Bridgeville Events
Thursday, September 23rd. 1999
Carper sees girl's flood video
By Bill McCauley
When 8-year-old Leigha Kline was asked by her grandfather, Danny Dick, to hold and operate a hand-held video camera while he negotiated the turns in his pick-up truck, little did she know that one of the viewers of her video would be her state's governor, Tom Carper.
Leigha, daughter of Tammy Barragan, was with Dick on Thursday when hurricane Floyd hit Greenwood with heavy rains. .Dick thought to take along the family video camera on his drive to survey the damage, in order to have a lasting memory of the unusual event. Having difficulty handling the wheel in the treacherous terrain and at the same time operate the video, he handed it over to the willing hands of his little girl.
Friday morning, Carper visited Greenwood on a downstate swing to survey storm damage. But by then, the waters had largely receded except along certain areas.
Leigha remembered the video made just the day before. And her 15-minute video proved to be the best way to show Carper Greenwood's flooded streets.
After Greenwood, Carper proceeded on to Bridgeville, which had its pumping station inundated by 3 feet of water, and then to Seaford's Wal-Mart flooded parking lot.
Greenwood experienced a total rainfall of 11 or 12 inches, according to town manager Brenda Jones. "We had 8 inches in four hours," she said. "According to Bob Stickles, a foot of snow equals an inch of rain. I guess we had some rain!"
Jones explained that when there are exceptionally heavy rains, the Chesapeake Bay, into which the water flows, gets backed up. That combined with an incoming tide can impede the usual rate of run-off on land seemingly far removed from the bay.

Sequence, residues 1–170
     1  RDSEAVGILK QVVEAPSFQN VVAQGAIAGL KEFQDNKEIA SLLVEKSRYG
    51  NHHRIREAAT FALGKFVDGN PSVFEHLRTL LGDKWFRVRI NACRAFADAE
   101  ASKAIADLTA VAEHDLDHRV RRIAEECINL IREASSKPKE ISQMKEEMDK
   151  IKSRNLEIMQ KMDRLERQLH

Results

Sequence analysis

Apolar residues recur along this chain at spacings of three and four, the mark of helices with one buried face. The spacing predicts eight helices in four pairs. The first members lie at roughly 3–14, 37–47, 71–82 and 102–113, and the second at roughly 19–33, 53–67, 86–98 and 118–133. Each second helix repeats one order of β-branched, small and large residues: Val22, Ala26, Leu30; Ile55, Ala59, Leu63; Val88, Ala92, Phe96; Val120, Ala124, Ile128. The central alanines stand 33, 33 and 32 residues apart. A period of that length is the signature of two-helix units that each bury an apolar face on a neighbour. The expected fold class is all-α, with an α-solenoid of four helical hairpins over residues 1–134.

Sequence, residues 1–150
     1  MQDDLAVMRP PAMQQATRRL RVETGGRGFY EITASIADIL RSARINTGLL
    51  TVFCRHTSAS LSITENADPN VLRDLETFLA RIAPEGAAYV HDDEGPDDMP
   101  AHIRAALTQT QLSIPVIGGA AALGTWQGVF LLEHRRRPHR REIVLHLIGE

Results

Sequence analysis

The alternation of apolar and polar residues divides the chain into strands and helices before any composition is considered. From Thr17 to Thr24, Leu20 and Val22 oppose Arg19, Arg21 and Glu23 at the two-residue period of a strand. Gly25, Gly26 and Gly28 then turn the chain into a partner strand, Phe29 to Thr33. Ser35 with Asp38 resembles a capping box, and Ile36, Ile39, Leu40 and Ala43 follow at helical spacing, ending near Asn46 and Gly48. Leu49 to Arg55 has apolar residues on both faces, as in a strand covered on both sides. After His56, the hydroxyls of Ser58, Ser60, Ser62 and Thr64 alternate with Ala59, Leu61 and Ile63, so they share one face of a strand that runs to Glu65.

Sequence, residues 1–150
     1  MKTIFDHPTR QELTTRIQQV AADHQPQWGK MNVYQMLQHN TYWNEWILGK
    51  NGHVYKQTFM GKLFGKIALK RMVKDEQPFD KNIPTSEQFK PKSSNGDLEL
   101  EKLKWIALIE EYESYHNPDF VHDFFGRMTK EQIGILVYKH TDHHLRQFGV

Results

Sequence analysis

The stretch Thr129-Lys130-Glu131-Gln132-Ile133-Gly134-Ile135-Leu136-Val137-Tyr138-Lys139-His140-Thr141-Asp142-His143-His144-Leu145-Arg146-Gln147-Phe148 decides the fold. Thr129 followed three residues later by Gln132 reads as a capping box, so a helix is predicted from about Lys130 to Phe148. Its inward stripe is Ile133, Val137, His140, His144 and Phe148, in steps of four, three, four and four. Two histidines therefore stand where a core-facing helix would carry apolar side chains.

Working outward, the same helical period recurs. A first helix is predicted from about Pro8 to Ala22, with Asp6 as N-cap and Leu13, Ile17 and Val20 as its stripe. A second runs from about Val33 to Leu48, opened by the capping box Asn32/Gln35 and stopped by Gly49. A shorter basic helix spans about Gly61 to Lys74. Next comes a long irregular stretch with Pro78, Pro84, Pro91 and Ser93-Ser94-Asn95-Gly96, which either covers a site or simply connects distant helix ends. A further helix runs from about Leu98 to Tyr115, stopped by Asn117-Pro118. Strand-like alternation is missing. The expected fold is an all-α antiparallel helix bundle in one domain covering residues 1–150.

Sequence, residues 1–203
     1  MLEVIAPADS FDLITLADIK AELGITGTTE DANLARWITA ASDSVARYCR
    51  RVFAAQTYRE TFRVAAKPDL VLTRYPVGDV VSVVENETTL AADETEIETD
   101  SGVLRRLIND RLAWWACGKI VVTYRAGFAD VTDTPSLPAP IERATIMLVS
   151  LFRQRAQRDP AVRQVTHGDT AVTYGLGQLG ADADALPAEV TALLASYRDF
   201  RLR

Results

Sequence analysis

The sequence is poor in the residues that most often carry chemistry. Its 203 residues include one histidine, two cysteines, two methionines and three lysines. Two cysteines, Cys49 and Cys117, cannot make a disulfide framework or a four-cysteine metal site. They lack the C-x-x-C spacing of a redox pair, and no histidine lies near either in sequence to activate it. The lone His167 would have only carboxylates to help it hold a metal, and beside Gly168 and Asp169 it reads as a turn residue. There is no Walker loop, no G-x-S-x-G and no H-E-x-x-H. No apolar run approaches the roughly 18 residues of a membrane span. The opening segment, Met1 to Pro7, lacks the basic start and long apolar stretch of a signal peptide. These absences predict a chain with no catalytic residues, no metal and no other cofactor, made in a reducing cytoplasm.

Workers with the Delaware Department of Transportation came into Greenwood Thursday and stayed until they were relieved by the National Guard at 6 in the evening. Weary guardsmen were in turn relieved at 1 the next morning, allowing them to go home to their beds.
Greenwood Fire Company's Finley Jones and Ricky Short were on hand throughout the day. Jones, who is also a Sussex County councilman, was joined by fellow county councilman Dale Dukes and county administrator Bob Stickles.
During the day, eight families were rescued from their homes, including a mother and three children. The mother, according to Jones, had thoughtfully parked the family car on the higher ground of the town parking lot.
Several elderly couples phoned their children to come and get them.
At the height of Thursday's storm, several of Greenwood's roads, including Church Street, were impassable. In addition, Governor's Avenue and Market Street had heavy spots of rain.
This encouraged people to drive around to see the perhaps once-in-a -lifetime spectacle. Their driving caused waves to wash up on the fronts of houses, and this in turn necessitated traffic control.
The day before going to press The Cove, a housing development north of town, still had water where its two ponds had risen sufficiently to meet. Second Street also still had water.